This posting was updated on Jan. 18, 2023.
In June, 2016 the Assembly of State Legislatures (ASL), a planning group of state lawmakers (now apparently defunct), issued suggested rules for an Article V Convention for Proposing Amendments.
The rules were a commendable effort. But they also fell short in a number of ways, partly because the composition of the ASL differed from that of an actual convention and partly because the ASL leadership was reluctant to draw on historical convention experience.
As a result of the ASL experience, I wrote, and The Heartland Institute issued, a Policy Brief containing my analysis of the ASL rules (pdf). The Policy Brief gives full credit to ASL for some excellent ideas. It also criticizes some poorly drafted and unrealistic provisions—the most important of which are “supermajority” requirements sprinkled throughout the document. The analysis finds those supermajority requirements to be unworkable, unfair, and contrary to the constitutional balance built into Article V.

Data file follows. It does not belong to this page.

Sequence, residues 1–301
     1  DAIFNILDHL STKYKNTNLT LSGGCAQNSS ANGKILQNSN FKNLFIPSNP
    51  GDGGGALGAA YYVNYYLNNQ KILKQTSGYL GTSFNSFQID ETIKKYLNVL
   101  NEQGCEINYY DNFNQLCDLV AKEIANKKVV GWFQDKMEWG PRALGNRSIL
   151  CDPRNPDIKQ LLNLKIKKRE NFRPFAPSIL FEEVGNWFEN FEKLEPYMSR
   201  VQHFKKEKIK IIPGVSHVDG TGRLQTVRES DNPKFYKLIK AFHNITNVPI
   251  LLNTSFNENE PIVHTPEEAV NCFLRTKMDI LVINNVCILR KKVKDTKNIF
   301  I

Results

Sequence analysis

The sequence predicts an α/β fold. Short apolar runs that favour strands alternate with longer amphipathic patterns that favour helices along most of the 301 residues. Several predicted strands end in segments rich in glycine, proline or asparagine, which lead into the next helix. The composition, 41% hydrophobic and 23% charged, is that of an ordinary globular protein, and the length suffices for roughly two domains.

The Policy Brief recommends that future planners draw on the good ideas in the ASL rules. It further recommends that future planners not use the ASL product as a foundation, but instead base their efforts on the rules actually employed by previous successful conventions of states. Other organizations proposing model rules have done just this. Examples include the model rules issued by the Convention of States movement (pdf) (on which I worked) and the skeletal set approved by the American Legislative Exchange Council.
You can find my analysis here (pdf).